I liken my first experience of bona-fide cake-selling, to giving birth. At the time it felt like an endless, and very stressful, labour. But with a few days passed since I sold the last slice of apple cake on Saturday afternoon, I reflect on it all with misty affection and quite fancy doing it again!
Of course, the whole thing would have been a lot less arduous if it had been possible to suspend my other parental and day-job duties and just stay home and bake till it was all done. As it was, and with the inevitable intervention of the Rest Of My Life, I found myself icing chocolate cakes and slicing brownies at 3am for several nights on the trot, and was so sleep-deprived that I actually burst into tears during the baton-twirling task in Ultimate Big Brother. And it wasn't all about the baking; I also had to get my head around other perplexing issues, such as how to provide enough napkins, paper plates and forks without actually buying them. (I was virtually chased out of Wholefoods Market by a security guard after wandering back onto the high street with 50 serviettes stuffed into my bra), and how on earth I was going to transport everything in the boot of my car without it all hurling sideways. Oh, the perils of trying to set up a little cottage industry!
But nonetheless it happened, somewhat haphazardly, and it was good fun and also, as I had hoped, an incredibly useful exercise in what works, what doesn't and who buys cakes when they're wandering around a film festival getting sloshed on cheap red wine.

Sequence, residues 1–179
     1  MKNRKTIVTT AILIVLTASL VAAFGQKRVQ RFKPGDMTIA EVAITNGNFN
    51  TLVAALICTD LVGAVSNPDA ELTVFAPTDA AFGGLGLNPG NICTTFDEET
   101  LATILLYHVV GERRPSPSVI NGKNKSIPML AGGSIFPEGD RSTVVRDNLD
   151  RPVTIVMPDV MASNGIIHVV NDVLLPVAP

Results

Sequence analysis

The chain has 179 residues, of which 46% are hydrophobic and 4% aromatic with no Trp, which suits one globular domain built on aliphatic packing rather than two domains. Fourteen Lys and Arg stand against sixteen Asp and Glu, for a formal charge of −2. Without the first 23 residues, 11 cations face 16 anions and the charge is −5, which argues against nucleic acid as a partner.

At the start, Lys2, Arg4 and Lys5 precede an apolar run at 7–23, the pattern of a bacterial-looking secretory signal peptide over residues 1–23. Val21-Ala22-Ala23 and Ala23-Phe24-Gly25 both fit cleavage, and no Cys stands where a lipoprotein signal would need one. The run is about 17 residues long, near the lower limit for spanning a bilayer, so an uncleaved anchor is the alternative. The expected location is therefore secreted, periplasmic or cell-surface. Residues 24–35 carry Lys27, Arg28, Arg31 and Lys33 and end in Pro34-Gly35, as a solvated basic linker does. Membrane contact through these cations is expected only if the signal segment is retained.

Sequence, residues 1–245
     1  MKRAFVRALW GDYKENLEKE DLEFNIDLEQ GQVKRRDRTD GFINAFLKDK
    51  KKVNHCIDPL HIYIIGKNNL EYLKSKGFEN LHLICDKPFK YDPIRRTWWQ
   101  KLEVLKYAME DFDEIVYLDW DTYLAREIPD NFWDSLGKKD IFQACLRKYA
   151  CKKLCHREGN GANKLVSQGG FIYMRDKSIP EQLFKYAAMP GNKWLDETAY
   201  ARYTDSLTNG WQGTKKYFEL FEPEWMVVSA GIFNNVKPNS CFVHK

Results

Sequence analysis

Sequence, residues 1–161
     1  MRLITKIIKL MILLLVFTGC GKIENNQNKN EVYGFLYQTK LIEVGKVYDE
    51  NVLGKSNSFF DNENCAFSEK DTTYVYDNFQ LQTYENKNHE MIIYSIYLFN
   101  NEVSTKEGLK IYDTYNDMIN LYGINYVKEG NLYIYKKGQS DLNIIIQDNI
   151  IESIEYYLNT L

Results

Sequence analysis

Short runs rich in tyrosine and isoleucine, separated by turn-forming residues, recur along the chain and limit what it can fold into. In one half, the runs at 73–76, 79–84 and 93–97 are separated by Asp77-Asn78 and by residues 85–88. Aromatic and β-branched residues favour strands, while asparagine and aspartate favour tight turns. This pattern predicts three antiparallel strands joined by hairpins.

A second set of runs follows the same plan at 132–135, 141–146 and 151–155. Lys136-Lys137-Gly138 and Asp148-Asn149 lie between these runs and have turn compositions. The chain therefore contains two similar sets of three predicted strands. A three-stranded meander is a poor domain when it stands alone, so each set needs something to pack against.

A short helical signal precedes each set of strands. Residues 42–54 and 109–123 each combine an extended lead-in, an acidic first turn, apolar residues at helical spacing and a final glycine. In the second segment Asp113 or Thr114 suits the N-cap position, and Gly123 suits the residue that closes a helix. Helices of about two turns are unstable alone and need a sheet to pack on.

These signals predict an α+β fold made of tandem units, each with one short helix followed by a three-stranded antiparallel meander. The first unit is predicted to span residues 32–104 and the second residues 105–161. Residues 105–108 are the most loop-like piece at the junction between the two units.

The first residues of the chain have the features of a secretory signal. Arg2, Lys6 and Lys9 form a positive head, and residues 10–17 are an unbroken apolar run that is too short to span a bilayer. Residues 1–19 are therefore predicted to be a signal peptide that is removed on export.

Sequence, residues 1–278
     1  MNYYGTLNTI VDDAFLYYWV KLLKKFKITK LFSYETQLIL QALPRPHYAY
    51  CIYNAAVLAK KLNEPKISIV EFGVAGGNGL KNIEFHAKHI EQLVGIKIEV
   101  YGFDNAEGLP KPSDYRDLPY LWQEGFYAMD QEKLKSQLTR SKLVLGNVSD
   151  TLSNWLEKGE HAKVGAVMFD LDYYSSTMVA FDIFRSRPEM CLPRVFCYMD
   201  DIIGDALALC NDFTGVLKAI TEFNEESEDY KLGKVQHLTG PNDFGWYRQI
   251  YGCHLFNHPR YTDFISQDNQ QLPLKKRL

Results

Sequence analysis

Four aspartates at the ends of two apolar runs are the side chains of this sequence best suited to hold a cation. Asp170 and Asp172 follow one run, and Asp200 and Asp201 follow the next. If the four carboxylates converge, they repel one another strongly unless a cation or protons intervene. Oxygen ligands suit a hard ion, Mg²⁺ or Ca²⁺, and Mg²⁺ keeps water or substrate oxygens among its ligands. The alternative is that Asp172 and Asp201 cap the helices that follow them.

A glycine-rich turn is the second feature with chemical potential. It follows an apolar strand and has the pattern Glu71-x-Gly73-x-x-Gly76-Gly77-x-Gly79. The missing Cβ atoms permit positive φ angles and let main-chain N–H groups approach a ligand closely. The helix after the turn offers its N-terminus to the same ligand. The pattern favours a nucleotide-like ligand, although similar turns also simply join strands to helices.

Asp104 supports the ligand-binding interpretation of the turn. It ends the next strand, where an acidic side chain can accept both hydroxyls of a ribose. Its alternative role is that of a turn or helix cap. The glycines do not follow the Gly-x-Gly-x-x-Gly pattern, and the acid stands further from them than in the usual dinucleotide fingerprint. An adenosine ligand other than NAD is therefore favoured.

For the record, the Tahini flapjacks, Rye brownies and Honey and orange syrup cake all went quickly, as did the two lots of cookies (the Dark chocolate and sour cherry variety are pictured below). The cupcakes, which I included rather grudgingly, were ignored by the adults at the evening event, but sold out during the kids' screening (though I did discover that one little girl of about three, who returned to the stall several times, was systematically dropping them on the floor and stamping on them! I had to fight the urge to march into the cinema and demand that she sit on the naughty step until an apology had come forth. I think I'll have to seriously de-sensitise if I want to carry on with this selling lark). I also learnt the hard way that toiling over an admittedly lovely, but quite complex Blueberry and creme fraiche cupcake recipe is not a good use of time, as 3-year olds are unlikely to notice the difference.
The Light chocolate cake (pictured) went well, and was a great talking point due to its virtuous ingredients. And the Apple cake with maple icing was a slow-burning, word-of-mouth triumph - people were coming up to me asking for a slice long after I had sold out, having seen other satisfied punters roaming around with enraptured expressions on their faces. As I've said before, I take no credit for this. It's a wonderful recipe which really has the wow factor.
I'm doing it all again next weekend, and have already started to plan what I'm going to include for Round 2. Being a glutton for punishment, I don't intend to repeat anything! After all, where's the fun in that? So I'm going to make some little lemon and poppy-seed tarts that I've never tried before, and having trawled through my scruffy old recipe folder, have decided to revisit one of my absolute perennial favourites - a Cherry and polenta cake. Yum. I'm excited already.